Lambda Expressions

This is archived documentation for InfluxData product versions that are no longer maintained. For newer documentation, see the latest InfluxData documentation.

TICKscript uses lambda expressions to define transformations on data points as well as define boolean conditions that act as filters. TICKscript tries to be similar to InfluxQL in that most expressions that you would use in an InfluxQL WHERE clause will work as expressions in TICKscript. There are few exceptions:

  • All field or tag identifiers must be double quoted.
  • The comparison operator for equality is == not =.

All expressions in TICKscript begin with the lambda: keyword.

.where(lambda: "host" == '')


These lambda expressions are stateful, meaning that each time they are evaluated internal state can change and will persist until the next evaluation. This may seem odd as part of an expression language but it has a powerful use case. You can define a function within the language that is essentially a online/streaming algorithm and with each call the function state is updated. For example the built-in function sigma that calculates a running mean and standard deviation and returns the number of standard deviations the current data point is away from the mean.


sigma("value") > 3

Each time that the expression is evaluated the new value it updates the running statistics and then returns the deviation. This simple expression evaluates to false while the stream of data points it has received remains within 3 standard deviations of the running mean. As soon as a value is processed that is more than 3 standard deviation it evaluates to true. Now you can use that expression inside of a TICKscript to define powerful alerts.

TICKscript with lambda expression:

        // use an expression to define when an alert should go critical.
        .crit(lambda: sigma("value") > 3)

Builtin Functions


Converts a string into a boolean via Go’s strconv.ParseBool

bool(value string) bool


Converts a string or float64 into an int64 via Go’s strconv.ParseInt or simple float64() coercion. Strings are assumed to be decimal numbers.

int(value float64 or string) int64


Converts a string or int64 into an float64 via Go’s strconv.ParseFloat or simple int64() coercion.

float(value int64 or string) float64


Computes the number of standard deviations a given value is away from the running mean. Each time the expression is evaluated the running mean and standard deviation are updated.

sigma(value float64) float64


Count takes no arguments but returns the number of times the expression has been evaluated.

count() int64

Time functions

Within each expression the time field contains the time of the current data point. The following functions can be used on the time field. Each function returns an int64.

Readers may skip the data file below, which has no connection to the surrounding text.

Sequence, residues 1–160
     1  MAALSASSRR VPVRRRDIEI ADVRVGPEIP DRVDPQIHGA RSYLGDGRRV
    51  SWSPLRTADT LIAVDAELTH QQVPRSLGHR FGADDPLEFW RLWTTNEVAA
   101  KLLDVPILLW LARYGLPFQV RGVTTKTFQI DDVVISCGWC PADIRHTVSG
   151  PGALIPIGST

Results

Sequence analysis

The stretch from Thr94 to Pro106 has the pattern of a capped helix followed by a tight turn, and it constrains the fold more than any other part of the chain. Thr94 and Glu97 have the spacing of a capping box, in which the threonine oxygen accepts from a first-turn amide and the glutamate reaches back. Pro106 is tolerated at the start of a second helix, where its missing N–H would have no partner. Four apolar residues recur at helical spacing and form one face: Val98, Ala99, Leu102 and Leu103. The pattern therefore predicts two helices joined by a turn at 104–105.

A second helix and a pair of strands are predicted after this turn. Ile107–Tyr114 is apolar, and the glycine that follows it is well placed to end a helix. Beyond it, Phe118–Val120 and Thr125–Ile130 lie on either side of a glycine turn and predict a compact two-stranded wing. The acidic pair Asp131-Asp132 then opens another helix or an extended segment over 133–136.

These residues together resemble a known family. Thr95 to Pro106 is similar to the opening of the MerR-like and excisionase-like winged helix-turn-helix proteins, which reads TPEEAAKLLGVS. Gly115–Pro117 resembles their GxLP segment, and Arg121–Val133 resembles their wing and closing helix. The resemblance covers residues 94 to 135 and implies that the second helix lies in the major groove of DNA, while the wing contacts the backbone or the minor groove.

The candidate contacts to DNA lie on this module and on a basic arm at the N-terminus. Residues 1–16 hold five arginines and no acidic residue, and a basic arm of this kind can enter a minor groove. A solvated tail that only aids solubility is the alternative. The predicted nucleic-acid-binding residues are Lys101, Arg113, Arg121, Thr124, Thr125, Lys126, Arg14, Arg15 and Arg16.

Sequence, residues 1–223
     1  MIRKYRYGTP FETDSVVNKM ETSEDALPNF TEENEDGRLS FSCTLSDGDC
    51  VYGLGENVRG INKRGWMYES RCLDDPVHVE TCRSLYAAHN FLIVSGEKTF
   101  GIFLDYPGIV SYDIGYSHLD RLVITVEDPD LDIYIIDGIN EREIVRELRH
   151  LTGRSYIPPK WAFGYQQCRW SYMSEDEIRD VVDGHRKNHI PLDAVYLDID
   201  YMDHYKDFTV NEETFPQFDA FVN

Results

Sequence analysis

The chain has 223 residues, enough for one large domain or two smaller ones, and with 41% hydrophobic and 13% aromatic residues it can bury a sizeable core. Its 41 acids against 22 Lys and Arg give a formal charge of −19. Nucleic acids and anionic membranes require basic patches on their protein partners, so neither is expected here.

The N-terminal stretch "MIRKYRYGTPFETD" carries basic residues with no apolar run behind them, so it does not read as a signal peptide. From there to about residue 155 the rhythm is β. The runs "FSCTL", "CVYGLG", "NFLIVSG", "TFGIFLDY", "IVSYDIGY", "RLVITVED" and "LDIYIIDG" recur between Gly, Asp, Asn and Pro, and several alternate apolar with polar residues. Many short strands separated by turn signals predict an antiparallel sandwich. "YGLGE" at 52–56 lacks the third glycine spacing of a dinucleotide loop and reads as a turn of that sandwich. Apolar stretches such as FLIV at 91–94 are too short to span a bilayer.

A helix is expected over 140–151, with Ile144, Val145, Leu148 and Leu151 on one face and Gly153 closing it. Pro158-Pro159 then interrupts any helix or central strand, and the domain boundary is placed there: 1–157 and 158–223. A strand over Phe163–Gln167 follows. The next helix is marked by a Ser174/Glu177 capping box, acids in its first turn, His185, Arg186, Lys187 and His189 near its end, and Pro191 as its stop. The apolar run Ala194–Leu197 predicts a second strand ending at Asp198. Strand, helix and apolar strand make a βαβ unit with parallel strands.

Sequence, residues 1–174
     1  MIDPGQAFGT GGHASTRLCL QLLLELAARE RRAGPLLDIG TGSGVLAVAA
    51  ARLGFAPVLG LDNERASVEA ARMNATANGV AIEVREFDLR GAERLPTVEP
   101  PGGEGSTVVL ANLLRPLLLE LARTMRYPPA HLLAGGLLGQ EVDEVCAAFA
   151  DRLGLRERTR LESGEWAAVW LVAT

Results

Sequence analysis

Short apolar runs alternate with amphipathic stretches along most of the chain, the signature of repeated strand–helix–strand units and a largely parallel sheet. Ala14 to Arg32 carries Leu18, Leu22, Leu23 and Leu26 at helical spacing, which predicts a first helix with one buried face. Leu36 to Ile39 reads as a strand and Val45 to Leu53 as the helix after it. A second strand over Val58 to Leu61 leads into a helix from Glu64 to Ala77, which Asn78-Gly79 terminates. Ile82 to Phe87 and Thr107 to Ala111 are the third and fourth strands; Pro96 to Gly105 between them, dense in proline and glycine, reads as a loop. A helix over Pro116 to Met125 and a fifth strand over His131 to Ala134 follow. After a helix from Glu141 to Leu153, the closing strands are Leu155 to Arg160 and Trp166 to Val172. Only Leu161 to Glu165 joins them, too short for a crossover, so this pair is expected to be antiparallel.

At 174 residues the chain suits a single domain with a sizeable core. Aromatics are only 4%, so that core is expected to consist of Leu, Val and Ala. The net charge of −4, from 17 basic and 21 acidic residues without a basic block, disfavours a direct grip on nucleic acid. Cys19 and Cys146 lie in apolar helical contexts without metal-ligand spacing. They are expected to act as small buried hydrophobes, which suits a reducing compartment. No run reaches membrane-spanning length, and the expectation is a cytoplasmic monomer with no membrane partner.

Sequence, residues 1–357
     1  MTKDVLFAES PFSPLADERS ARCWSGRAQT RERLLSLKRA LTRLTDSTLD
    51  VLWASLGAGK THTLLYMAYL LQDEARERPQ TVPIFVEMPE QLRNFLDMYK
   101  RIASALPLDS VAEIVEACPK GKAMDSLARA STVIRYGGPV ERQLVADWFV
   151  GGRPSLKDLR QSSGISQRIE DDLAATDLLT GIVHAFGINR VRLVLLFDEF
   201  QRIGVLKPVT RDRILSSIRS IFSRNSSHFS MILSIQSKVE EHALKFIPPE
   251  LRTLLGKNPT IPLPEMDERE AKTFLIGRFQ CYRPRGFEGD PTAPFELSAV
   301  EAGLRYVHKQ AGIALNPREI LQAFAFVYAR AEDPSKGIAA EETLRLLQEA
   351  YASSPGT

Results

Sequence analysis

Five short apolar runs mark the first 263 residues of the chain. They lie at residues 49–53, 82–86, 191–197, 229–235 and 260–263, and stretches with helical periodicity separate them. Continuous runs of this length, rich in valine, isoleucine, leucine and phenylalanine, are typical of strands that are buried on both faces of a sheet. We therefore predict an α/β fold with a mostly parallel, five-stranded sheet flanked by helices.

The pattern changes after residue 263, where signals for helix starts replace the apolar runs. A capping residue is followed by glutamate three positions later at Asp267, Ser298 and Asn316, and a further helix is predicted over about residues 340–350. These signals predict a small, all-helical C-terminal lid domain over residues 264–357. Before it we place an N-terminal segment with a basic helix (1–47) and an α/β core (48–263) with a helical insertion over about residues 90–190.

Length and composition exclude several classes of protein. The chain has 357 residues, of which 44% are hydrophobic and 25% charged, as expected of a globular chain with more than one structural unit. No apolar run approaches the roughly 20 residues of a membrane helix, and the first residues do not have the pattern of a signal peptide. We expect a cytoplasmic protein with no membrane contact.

Function Description
minute the minute within the hour: range [0,59]
hour the hour within the day: range [0,23]
weekday the weekday within the week: range [0,6] 0 is Sunday
day the day within the month: range [1,31]
month the month within the year: range [1,12]
year the year

Example usage:

lambda: hour("time") == 9

The above expression evaluates to true if the hour of the day for the data point is 9 AM, using local time.

Math functions

The following mathematical functions are available. Each function is implemented via the equivalent Go function. Short descriptions are provided here but see the Go docs for more details.

Function Description
abs Abs returns the absolute value of x.
acos Acos returns the arccosine, in radians, of x.
acosh Acosh returns the inverse hyperbolic cosine of x.
asin Asin returns the arcsine, in radians, of x.
asinh Asinh returns the inverse hyperbolic sine of x.
atan Atan returns the arctangent, in radians, of x.
atan2 Atan2 returns the arc tangent of y/x, using the signs of the two to determine the quadrant of the return value.
atanh Atanh returns the inverse hyperbolic tangent of x.
cbrt Cbrt returns the cube root of x.
ceil Ceil returns the least integer value greater than or equal to x.
cos Cos returns the cosine of the radian argument x.
cosh Cosh returns the hyperbolic cosine of x.
erf Erf returns the error function of x.
erfc Erfc returns the complementary error function of x.
exp Exp returns e**x, the base-e exponential of x.
exp2 Exp2 returns 2**x, the base-2 exponential of x.
expm1 Expm1 returns e**x - 1, the base-e exponential of x minus 1. It is more accurate than Exp(x) - 1 when x is near zero.
floor Floor returns the greatest integer value less than or equal to x.
gamma Gamma returns the Gamma function of x.
hypot Hypot returns Sqrt(p*p + q*q), taking care to avoid unnecessary overflow and underflow.
j0 J0 returns the order-zero Bessel function of the first kind.
j1 J1 returns the order-one Bessel function of the first kind.
jn Jn returns the order-n Bessel function of the first kind.
log Log returns the natural logarithm of x.
log10 Log10 returns the decimal logarithm of x.
log1p Log1p returns the natural logarithm of 1 plus its argument x. It is more accurate than Log(1 + x) when x is near zero.
log2 Log2 returns the binary logarithm of x.
logb Logb returns the binary exponent of x.
max Max returns the larger of x or y.
min Min returns the smaller of x or y.
mod Mod returns the floating-point remainder of x/y. The magnitude of the result is less than y and its sign agrees with that of x.
pow Pow returns x**y, the base-x exponential of y.
pow10 Pow10 returns 10**e, the base-10 exponential of e.
sin Sin returns the sine of the radian argument x.
sinh Sinh returns the hyperbolic sine of x.
sqrt Sqrt returns the square root of x.
tan Tan returns the tangent of the radian argument x.
tanh Tanh returns the hyperbolic tangent of x.
trunc Trunc returns the integer value of x.
y0 Y0 returns the order-zero Bessel function of the second kind.
y1 Y1 returns the order-one Bessel function of the second kind.
yn Yn returns the order-n Bessel function of the second kind.